Coastal & Maritime ISR Industry Report: “Significantly More” International Collaboration Needed

Ahead of its annual Maritime Reconnaissance & Surveillance conference, Defence IQ has published the findings of its report into the industry.
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* Maritime
* Naval
* Defence
* Reconnaissance
* Surveillance

* Defense
* Security

* London City - London, Greater - UK

Sept. 5, 2012 - PRLog -- Ahead of its annual Maritime Reconnaissance & Surveillance conference, Defence IQ has published the findings of its report into the industry, in which the vast majority of military and industry experts surveyed called for significantly more collaboration between the international community to deal with coastal and maritime threats.

94% of the survey respondents confirmed that nations should be working together more closely to combat threats to their coastal and border security; 70% confirmed that significantly more needed to be done.

The report comes in the wake of the UK Ministry of Defence issuing an urgent operational requirement for a maritime unmanned air system, in a deal potentially worth £40 million. With the continued investment being made into intelligence, surveillance and reconnaissance (ISR) systems, the importance of these systems to today’s naval operations and border security patrols is clear.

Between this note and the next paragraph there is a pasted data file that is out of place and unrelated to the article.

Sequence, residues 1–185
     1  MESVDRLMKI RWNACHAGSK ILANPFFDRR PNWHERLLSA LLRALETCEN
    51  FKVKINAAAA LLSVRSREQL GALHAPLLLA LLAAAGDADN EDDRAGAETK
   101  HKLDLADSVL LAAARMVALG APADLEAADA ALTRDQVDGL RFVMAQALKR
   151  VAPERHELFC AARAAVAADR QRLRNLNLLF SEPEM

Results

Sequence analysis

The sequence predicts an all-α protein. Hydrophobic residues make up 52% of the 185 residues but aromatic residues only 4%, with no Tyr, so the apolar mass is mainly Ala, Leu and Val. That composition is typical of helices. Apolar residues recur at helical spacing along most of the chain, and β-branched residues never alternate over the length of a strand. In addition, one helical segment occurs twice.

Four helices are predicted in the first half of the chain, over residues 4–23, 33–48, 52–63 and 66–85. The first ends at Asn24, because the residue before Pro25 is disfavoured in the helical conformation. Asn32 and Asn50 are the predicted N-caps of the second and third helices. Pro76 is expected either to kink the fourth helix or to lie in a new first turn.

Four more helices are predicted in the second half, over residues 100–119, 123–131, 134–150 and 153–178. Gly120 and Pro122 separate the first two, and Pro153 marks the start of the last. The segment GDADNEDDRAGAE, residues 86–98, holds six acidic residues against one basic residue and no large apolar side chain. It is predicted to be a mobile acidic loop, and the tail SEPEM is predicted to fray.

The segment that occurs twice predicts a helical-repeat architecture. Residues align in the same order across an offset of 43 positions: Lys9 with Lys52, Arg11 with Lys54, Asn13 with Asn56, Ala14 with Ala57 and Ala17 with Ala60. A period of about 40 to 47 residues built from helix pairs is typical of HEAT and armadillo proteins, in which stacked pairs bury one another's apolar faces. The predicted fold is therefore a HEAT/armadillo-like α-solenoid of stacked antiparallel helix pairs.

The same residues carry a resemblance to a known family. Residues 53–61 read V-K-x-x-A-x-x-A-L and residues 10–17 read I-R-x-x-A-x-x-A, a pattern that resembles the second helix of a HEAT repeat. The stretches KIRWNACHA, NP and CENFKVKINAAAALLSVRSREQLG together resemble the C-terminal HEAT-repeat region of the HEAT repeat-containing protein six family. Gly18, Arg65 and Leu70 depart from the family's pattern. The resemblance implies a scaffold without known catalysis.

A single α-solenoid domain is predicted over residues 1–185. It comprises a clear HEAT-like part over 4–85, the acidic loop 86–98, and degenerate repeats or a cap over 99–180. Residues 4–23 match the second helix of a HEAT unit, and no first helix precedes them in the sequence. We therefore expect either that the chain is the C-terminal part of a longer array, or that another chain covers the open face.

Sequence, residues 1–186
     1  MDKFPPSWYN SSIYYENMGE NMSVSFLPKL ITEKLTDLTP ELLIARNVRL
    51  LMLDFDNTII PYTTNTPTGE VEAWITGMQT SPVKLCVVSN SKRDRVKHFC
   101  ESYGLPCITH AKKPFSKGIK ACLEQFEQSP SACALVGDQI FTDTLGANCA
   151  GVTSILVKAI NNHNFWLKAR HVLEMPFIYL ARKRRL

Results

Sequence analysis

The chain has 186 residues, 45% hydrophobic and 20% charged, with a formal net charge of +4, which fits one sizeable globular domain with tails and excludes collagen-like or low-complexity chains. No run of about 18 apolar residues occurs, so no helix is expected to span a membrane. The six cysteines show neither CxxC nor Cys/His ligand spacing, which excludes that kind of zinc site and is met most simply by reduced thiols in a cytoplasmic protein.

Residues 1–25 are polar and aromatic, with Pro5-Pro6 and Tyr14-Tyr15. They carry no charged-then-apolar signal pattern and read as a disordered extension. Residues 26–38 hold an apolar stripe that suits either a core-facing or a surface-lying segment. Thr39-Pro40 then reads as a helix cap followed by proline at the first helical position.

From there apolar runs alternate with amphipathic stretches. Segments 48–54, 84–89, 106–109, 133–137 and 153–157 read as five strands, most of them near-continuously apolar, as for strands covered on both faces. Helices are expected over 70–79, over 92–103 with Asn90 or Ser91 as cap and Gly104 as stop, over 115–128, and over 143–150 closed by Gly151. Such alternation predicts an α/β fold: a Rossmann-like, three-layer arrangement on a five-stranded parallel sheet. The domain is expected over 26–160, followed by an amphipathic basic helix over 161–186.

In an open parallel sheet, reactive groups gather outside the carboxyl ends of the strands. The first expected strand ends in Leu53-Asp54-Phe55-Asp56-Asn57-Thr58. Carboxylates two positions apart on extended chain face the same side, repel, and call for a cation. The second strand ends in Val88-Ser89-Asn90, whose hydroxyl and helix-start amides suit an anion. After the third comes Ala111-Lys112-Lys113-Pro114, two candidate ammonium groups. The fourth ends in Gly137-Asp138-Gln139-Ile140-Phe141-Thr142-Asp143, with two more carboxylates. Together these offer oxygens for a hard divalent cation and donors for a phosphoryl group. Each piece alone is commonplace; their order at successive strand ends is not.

Other key themes analysed in the report include the major threats to global maritime operations, likely future investment trends, and key capabilities requiring improvements.

The full report can be downloaded here:

Defence IQ’s 10th annual conference takes place later this month in Rome, which will gather Naval Chiefs, Commanders and Programme Managers from over 20 nations in order to gauge what more can be done to further international cooperation on the issue. In addition, discussions with industry will be held on short and long term investment priorities and means of overcoming current capability gaps.

Another discernible conclusion of the report was the growing importance of the role of Unmanned Aerial Vehicles, or UAVs, with almost 90% believing that they will be important or critical to coastal surveillance operations over the next decade. Airborne ISR via multiple autonomous UAVs in the future is therefore the subject of special focus during the post-conference workshop led by the Defence Academy of the UK, taking place on 28th September.

For more information or to register for the conference, visit or contact:

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